demanding a bigger contribution from the super rich.
Research from the Organization for Economic Cooperation and
Development has established a hierarchy of which taxes are most and
least harmful for long-term economic growth. They determined that the
corporate income tax is the most harmful for long-term economic
growth, followed by high personal income taxes. Consumption taxes and
property taxes were found to be less harmful to economic growth
relative to taxes on capital and income.
If lawmakers decide that new revenues must be part of any long-term
effort to solve the budget crisis, they must choose the least harmful
way of raising new revenues or else they risk compounding the crisis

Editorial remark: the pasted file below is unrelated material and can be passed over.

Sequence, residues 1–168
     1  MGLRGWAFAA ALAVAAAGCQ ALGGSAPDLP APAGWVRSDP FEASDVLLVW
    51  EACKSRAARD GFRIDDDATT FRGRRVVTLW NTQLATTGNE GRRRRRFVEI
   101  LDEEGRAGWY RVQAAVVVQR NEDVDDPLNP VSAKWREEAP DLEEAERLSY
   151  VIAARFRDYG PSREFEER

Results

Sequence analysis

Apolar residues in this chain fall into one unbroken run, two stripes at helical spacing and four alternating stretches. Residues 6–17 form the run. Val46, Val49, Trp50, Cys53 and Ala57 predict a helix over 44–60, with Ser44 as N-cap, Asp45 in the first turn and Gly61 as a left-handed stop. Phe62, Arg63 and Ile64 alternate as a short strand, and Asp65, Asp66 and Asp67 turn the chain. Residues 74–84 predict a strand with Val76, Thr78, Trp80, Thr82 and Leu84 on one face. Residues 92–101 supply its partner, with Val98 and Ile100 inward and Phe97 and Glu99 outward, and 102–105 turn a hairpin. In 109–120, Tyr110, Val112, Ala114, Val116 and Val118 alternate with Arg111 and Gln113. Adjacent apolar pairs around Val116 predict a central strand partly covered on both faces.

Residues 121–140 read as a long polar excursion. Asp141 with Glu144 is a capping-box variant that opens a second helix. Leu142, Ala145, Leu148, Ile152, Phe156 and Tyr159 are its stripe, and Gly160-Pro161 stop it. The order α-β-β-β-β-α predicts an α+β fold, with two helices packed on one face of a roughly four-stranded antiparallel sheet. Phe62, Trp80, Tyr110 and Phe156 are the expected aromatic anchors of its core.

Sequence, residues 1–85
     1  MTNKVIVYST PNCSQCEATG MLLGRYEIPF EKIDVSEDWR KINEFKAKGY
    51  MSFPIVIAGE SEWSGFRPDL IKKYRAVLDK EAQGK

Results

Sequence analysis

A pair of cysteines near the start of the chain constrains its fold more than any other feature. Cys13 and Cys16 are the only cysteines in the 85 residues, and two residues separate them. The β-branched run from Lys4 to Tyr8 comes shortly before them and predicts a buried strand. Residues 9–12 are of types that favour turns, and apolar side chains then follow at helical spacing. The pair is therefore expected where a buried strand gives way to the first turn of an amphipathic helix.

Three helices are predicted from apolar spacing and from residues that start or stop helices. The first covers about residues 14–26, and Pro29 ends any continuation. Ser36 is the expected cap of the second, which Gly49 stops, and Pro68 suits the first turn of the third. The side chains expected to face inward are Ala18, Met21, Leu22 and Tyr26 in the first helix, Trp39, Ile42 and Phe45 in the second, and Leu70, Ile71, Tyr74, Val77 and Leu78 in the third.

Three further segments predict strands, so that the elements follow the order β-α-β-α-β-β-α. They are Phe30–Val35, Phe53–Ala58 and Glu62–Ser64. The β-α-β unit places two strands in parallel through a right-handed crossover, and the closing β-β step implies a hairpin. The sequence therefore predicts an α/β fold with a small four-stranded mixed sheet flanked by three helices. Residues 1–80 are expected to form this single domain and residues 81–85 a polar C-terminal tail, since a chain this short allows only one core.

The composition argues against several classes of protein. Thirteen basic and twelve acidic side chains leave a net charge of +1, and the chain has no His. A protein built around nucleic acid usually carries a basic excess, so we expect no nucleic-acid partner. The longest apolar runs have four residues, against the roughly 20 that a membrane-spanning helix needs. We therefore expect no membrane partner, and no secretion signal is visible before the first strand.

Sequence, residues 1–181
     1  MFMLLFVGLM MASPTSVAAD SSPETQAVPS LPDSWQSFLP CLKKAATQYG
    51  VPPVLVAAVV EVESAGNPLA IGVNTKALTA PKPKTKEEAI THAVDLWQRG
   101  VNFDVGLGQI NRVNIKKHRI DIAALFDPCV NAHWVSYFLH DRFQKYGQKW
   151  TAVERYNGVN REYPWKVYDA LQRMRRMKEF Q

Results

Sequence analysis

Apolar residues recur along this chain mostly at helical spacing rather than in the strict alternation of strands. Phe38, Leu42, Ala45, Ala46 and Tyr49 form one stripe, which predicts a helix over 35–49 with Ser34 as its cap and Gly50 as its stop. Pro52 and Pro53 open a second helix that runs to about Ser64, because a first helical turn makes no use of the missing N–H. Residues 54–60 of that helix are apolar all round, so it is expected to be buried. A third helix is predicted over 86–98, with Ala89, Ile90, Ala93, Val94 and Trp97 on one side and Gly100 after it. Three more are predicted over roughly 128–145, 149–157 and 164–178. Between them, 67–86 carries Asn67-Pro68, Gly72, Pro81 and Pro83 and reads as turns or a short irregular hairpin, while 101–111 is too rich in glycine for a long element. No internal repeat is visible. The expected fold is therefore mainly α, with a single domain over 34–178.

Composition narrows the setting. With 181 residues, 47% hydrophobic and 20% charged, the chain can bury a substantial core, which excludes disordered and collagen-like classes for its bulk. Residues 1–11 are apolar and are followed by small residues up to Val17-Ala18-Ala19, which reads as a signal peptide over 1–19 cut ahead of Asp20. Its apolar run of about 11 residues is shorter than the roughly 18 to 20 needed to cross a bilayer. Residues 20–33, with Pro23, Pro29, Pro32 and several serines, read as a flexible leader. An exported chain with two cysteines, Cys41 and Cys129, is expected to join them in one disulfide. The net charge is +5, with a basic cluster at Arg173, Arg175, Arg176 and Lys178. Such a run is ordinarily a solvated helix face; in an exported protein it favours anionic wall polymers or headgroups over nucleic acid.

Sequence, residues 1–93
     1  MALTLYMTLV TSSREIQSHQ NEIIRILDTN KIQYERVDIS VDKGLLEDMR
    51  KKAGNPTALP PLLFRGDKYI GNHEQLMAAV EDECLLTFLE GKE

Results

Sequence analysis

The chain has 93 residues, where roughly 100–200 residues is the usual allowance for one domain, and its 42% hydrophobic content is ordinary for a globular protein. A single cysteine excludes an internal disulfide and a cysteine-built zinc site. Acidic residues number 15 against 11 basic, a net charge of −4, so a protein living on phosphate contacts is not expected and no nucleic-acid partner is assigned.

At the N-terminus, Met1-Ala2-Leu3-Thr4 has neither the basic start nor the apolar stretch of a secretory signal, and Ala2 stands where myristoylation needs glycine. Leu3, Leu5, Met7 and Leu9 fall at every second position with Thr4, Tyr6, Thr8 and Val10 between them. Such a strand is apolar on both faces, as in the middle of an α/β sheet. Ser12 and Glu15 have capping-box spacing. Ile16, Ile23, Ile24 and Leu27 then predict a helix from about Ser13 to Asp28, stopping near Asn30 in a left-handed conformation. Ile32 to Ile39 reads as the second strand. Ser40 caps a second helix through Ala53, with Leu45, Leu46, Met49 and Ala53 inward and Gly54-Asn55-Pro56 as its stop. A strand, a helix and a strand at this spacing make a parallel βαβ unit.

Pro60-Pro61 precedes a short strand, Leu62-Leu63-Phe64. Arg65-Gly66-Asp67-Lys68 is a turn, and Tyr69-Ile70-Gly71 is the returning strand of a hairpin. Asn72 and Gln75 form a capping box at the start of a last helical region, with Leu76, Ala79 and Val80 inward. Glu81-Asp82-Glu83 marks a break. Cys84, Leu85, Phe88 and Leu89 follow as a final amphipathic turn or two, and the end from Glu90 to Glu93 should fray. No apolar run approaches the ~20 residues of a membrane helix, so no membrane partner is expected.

by slowing economic growth.
The number one recommendation for raising revenue is the simplest:
economic growth. This may seem obvious, but whether or not we have
sufficient new economic growth to generate more revenue is directly
dependent upon the rest of the economic policy decisions.
The value of mineral rights owned. Privatizing certain government-run
enterprises would also turn tax-subsidized operations into tax-
generating ones.
The least attractive options include raising individual income tax
rates, increasing the estate tax, and raising rates on capital gains
and dividends.
Government should examine ideas that would allow effective tax rates
to rise for the wealthy without technically raising the top tax rate
of 30 percent.
One possible change would tax the entire income earned by those
making more than a certain level —Rs 10,00,000 or so — at the top rate
of 30 percent rather than allowing them to pay lower rates before they